Marx and Nietzsche are often compared as practitioners of a hermeneutic of suspicion. I pursue this comparison by focusing on an overlooked similarity between the two. In strangely similar passages, Marx (in Capital) and Nietzsche (in the Genealogy of Morals) introduce explicitly theatrical scenarios into the course of their discussions, complete with what Marx calls dramatis personae, where we witness a descent into a workshop (in some sense underground) in order to learn the secrets of production—the production, in both cases, of value. But neither scenario conforms to the structure of the discovery of a concealed truth—in fact, each challenges this structure directly. By looking at the specific nature of these theatrical descents, we can come to a better understanding of the task of the philosopher in both Nietzsche and Marx, as well as the distinctive position of historical knowledge within a hermeneutics of suspicion.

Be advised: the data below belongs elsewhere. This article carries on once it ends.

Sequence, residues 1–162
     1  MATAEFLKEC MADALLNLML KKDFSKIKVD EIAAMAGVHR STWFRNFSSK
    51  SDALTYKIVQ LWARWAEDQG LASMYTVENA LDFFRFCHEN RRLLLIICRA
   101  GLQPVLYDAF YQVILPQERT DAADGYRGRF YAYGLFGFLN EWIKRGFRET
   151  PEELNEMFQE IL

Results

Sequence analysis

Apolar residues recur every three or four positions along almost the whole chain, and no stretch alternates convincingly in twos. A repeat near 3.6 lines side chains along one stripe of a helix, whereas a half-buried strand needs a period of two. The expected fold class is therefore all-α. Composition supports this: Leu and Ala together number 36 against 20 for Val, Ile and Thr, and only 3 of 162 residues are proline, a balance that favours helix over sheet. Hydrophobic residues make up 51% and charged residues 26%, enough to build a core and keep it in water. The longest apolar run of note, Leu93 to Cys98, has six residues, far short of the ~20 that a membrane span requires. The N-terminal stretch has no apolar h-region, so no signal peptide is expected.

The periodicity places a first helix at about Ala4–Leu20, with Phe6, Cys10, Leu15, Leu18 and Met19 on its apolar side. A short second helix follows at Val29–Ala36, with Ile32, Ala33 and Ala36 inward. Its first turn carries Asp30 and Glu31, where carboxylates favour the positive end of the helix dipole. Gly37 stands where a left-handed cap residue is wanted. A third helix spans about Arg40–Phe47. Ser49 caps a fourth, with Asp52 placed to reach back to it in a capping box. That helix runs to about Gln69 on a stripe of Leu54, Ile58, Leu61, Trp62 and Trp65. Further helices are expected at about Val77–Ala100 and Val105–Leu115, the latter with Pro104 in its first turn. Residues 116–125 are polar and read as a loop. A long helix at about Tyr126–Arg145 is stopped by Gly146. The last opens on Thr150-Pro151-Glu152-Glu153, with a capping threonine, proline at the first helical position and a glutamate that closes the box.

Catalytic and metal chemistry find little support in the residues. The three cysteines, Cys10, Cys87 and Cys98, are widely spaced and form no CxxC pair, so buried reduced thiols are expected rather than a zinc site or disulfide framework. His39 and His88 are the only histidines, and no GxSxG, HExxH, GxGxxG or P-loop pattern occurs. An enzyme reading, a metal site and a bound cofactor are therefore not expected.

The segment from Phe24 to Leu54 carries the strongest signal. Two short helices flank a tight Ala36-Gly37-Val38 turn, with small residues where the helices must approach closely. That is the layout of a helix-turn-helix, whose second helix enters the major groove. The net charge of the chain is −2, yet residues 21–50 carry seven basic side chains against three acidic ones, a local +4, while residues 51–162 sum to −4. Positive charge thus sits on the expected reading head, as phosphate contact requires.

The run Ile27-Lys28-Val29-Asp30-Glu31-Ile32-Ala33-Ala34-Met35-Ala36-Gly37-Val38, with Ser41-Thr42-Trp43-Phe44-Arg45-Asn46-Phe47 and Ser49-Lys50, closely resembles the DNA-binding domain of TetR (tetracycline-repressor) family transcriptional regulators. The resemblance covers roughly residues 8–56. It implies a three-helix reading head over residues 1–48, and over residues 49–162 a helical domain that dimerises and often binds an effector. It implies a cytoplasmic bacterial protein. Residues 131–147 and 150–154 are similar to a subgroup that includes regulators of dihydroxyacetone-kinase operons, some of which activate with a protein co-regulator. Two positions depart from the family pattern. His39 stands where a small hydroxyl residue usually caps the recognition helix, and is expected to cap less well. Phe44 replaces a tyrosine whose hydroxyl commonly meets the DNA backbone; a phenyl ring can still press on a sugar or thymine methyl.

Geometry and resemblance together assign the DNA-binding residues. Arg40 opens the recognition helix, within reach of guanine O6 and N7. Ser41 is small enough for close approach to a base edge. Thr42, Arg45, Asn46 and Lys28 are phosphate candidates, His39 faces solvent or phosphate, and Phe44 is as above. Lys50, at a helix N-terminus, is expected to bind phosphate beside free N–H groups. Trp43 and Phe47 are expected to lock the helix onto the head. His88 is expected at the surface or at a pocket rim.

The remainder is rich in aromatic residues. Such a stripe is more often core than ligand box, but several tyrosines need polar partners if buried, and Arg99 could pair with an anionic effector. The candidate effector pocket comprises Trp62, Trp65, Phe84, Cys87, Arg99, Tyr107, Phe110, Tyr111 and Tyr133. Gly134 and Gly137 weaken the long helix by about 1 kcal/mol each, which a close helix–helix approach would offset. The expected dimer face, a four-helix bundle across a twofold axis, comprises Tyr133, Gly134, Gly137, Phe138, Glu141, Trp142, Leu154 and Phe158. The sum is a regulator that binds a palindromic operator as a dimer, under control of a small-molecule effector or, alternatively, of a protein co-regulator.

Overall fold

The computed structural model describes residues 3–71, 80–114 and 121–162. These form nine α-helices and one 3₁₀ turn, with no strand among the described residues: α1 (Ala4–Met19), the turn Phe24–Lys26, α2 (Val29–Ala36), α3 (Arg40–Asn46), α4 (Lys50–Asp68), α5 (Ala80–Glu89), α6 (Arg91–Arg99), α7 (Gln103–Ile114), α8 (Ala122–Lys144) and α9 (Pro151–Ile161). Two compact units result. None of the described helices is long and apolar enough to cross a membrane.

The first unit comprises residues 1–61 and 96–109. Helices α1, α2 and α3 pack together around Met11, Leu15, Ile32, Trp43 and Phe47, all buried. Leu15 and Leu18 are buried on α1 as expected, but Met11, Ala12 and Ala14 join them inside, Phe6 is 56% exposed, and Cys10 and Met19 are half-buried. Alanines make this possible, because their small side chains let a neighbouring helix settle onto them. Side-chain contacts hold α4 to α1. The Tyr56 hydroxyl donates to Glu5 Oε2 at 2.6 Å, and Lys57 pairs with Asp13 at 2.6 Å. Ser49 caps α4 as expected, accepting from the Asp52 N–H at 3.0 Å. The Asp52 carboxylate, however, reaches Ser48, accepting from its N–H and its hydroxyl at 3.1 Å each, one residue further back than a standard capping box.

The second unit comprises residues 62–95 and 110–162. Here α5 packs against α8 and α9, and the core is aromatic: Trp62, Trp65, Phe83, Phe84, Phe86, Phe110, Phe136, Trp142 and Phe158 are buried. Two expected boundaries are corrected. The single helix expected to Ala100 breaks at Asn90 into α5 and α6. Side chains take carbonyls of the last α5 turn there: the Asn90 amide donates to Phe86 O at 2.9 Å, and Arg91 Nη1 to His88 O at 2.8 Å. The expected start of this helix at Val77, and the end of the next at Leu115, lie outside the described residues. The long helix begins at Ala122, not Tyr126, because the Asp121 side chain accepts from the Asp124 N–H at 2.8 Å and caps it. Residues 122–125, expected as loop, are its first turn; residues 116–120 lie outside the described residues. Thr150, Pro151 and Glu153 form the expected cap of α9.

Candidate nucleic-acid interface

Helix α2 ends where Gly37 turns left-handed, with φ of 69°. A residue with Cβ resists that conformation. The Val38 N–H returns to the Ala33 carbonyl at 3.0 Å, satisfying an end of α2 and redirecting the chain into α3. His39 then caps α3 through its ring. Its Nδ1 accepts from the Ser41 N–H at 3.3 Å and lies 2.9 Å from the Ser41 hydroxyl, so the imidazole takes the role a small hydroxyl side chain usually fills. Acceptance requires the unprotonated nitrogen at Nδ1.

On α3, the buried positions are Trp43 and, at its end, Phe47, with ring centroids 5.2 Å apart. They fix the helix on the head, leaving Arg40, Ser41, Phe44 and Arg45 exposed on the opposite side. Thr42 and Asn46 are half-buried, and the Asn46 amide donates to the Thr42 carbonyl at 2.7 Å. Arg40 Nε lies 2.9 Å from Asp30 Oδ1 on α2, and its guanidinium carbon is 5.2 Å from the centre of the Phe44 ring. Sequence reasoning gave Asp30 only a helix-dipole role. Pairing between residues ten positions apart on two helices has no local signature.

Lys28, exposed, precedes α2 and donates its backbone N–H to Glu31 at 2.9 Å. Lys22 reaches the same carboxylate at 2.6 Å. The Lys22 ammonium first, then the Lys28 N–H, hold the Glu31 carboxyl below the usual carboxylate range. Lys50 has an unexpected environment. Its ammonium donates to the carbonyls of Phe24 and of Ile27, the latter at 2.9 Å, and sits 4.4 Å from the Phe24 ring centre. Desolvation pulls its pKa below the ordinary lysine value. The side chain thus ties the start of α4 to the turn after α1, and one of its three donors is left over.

You do not currently have access to this content.